If goods are allowed entry into Canada and all other government department requirements have been met, a 10-digit tariff classification number is assigned at the time of import by either the importer or customs broker. Once the tariff classification number has been assigned, the duty rate of the goods can be determined.
GST at 5 percent is applicable to most imported commercial goods and is calculated on the value of the imported commercial goods. However, GST does not apply to zero-rated or exempt goods when imported.
Duties and taxes are payable at the time of importation into Canada and can be paid directly to the Canada Boarder Services Agency (CBSA) by the importer at the time of importation by utilizing the Commercial Cash Entry Processing System (CCEPTS) that is available in certain customs offices.
Goods may also be released prior to the payment of duties and taxes if security has been posted with the CBSA. The posting of security will defer payment of the duty and GST until the last business day of each month for all import transactions occurring between the 24th of the previous month to the 25th of the current month. If using the services of a customs broker, payment of duties, and taxes will be arranged through them and the customs broker will pay CBSA on behalf of the importer of record.
If a business imports certain services or intangible goods from outside Canada, it may be required to self-assess the applicable GST/HST, unless it imported the services or intangibles exclusively for consumption, use or supply in the course of its commercial activities.
If a business imports services or intangibles for use in making exempt supplies, which do not give rise to input tax credit recovery, it will be required to self-assess GST/HST to the extent the imported services or intangibles relate to its exempt activities. No input tax credit is available to offset the self-assessed GST/HST on costs that relate directly to exempt activities. (See Head Office and Branch Transactions section for further information on imports.)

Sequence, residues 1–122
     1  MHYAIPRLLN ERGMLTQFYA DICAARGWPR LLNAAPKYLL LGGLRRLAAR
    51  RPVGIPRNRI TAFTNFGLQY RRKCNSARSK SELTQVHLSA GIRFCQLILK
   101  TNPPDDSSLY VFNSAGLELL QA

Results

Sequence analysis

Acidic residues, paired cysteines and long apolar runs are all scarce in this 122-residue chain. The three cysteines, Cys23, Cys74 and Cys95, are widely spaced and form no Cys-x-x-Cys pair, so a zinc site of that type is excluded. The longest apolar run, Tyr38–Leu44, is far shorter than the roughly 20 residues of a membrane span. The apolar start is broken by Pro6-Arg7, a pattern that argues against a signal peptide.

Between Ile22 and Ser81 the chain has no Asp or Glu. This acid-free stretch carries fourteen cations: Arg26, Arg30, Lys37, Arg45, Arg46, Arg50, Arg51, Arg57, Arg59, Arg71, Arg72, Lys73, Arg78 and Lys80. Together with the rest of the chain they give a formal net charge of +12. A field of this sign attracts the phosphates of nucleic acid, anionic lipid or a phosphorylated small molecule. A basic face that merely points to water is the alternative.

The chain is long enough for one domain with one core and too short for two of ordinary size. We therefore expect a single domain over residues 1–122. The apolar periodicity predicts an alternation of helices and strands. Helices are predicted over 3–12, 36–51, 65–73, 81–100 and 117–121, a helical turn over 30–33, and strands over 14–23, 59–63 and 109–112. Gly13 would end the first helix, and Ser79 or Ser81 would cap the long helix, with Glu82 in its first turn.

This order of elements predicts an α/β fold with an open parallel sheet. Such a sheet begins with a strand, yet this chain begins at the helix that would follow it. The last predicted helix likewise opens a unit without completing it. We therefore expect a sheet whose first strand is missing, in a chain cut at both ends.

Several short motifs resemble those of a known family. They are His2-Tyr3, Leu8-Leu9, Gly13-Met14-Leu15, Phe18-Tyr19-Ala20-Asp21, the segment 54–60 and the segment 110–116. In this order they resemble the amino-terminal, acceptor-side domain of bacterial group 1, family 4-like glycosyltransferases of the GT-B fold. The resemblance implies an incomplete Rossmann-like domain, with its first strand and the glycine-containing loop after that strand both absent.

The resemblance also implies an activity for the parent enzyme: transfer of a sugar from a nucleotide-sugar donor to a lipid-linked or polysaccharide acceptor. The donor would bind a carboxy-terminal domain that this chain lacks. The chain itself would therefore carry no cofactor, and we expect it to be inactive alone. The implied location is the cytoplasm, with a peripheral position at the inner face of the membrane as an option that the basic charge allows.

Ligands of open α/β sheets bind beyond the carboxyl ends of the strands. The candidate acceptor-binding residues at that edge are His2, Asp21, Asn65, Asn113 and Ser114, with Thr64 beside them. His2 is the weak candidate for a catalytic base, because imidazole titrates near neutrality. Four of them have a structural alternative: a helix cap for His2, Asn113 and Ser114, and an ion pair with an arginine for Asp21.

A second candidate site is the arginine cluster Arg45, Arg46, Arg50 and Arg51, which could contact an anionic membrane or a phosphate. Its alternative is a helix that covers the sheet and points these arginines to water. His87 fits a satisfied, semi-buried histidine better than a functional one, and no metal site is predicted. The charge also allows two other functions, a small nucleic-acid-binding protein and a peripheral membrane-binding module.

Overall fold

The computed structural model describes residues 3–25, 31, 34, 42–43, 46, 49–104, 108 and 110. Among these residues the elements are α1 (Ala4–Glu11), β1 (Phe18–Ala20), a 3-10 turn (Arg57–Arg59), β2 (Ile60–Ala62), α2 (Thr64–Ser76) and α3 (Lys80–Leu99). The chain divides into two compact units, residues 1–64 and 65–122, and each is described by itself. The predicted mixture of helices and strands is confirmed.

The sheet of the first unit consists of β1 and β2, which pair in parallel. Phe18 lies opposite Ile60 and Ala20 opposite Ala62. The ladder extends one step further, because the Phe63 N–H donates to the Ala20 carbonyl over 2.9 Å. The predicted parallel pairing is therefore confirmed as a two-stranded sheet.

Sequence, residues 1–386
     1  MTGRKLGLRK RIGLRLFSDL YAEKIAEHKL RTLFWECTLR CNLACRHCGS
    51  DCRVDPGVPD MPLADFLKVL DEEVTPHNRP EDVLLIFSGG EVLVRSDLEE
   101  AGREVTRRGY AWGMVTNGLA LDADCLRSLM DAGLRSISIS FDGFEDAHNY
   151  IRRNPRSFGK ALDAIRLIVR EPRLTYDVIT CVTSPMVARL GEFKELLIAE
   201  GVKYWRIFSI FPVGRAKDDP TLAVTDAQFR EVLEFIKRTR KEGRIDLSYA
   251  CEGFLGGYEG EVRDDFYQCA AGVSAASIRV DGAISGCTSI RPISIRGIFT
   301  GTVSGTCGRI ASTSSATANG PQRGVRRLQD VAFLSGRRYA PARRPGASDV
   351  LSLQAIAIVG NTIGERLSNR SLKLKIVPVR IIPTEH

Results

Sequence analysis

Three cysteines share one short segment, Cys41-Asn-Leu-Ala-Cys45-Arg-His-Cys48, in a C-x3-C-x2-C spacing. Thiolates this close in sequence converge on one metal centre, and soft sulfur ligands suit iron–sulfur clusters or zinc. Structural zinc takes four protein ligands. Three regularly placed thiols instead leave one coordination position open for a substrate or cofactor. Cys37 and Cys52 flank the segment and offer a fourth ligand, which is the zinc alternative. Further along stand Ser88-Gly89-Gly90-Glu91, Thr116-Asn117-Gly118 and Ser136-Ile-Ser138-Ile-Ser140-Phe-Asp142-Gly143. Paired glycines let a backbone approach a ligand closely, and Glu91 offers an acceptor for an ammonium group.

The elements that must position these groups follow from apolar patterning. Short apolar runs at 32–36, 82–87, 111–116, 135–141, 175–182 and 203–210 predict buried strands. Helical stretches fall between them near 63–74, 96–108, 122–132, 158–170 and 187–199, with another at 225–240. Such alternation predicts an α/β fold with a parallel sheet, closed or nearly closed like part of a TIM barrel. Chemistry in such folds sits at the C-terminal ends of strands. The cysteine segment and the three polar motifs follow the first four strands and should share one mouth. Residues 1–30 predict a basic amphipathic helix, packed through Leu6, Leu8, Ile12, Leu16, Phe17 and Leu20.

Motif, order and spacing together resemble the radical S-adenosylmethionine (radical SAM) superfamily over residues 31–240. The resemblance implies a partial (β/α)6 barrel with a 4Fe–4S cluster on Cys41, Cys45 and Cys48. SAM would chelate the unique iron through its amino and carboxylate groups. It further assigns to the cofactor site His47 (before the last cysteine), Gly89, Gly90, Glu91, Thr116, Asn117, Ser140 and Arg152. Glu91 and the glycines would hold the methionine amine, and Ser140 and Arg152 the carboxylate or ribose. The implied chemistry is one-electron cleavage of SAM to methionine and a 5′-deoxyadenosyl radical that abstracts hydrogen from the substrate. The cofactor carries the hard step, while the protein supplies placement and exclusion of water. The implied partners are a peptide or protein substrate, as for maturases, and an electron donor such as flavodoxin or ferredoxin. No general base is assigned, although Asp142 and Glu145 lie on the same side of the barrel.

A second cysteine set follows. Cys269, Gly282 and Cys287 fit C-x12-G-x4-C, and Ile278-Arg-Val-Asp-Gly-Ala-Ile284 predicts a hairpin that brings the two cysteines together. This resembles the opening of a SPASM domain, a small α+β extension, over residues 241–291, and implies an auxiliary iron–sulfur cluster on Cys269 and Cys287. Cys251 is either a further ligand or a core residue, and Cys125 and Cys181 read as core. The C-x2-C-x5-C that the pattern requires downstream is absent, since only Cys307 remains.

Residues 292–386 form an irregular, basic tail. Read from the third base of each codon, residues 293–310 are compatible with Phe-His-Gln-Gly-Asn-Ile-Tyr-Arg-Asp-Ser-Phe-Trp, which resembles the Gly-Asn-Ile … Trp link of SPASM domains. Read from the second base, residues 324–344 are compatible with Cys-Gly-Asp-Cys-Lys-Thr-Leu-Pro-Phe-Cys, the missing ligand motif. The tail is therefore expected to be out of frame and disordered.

In addition to goods and intangibles, if a supplier is an unregistered non-resident of Canada and it sells goods located in Canada in certain drop-shipment situations, in which the goods will be used in exempt rather than commercial activities, its customer may be required to self-assess the GST/HST on the fair market value of the goods.
GST/HST registrants must comply with a number of tax disclosure requirements. See below for further information.
For the recipient of a supply to be able to claim an input tax credit, certain supporting documentation must be obtained. It can be in the form of an invoice, receipt, credit card receipt, book or ledger of account, a written contract or agreement, any record contained in a computerized or electronic retrieval or data storage system, and any other document validly issued or signed by a registrant in respect of a supply. However, in most commercial transactions this information would appear on the invoice or receipt.
The amount of detail required in the supporting documentation increases with the value of the purchase.
The following information is required for purchases of less than CAD 30: